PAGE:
Hospital is a place of strange rituals. The doctor needs to sign this and confirm that. Even if they don’t know what they’re doing. When I was paged by nurses to confirm death, I thought, why are you asking me to do this when the single time I have ever, ever, seen a dead person in my life, is at my grandmother’s bedside ten years ago. You, on the other hand, have seen many come and go.

Why am I pronouncing death when I don’t know what a dead person looks like.

But you do what you’ve been taught, so you look into the eyes, feel pulses, and listen to the chest. Much of the time I still struggle to find the JVP (venous pulse) on a live patient, so I have been spending quite a bit of time looking at necks. And it’s chilling how still a dead person’s neck is – no movement of the overlaying skin with each beat, and breath. And a minute might not be long, but it’s an awfully long time to be standing there listening to a silent chest. You start to imagine hearing this and that.

Although the person’s body is there, you begin to realise that you are quite alone in the room. A person has become flesh with no life. But still, it was once someone’s wife, someone’s mother.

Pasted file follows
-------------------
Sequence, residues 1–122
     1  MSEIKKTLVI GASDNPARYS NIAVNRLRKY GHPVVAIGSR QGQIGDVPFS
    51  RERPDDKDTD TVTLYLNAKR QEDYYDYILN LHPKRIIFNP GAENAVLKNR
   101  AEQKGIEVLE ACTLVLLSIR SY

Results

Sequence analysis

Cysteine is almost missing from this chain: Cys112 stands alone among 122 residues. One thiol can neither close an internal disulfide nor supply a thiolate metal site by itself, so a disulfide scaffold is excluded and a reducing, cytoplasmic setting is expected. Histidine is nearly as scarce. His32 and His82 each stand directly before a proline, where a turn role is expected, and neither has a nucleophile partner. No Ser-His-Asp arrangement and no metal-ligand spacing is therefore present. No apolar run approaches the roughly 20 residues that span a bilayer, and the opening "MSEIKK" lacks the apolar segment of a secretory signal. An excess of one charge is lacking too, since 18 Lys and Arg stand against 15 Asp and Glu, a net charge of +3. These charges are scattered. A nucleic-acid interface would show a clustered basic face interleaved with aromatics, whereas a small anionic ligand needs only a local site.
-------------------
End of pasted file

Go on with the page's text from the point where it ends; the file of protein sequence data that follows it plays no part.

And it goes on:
That day, with no one else there or waiting, I guess it didn’t matter that I fumbled and took a long time working out what to do. Then, I was asked to do the same thing today. Except this time, I had seen the patient previously when she was alive. This time, family was there, quietly crying, holding her hand. Was it okay to ask them to wait outside while I confirmed death. Was my silence rude. Should I have said something more. In the end I decided to let them be – the family members had each other to grieve with and a stranger couldn’t bring much to that process.

After that, I found myself crying in a quiet room, with lights off, thinking that hospital is such an unhappy place to be. Perhaps it was the grief of human illness and death that I couldn’t stand. Perhaps I recalled the exasperating patients presenting again and again to the emergency department not because there was a medical issue as such, but because their lives were a mess (or ‘not loved’ according to the anaesthetist). Perhaps more exasperating was staff working who purposely don’t pull their weight. Or, perhaps, it was just that and time of the early morning, when the room becomes cold out of your own fatigue.


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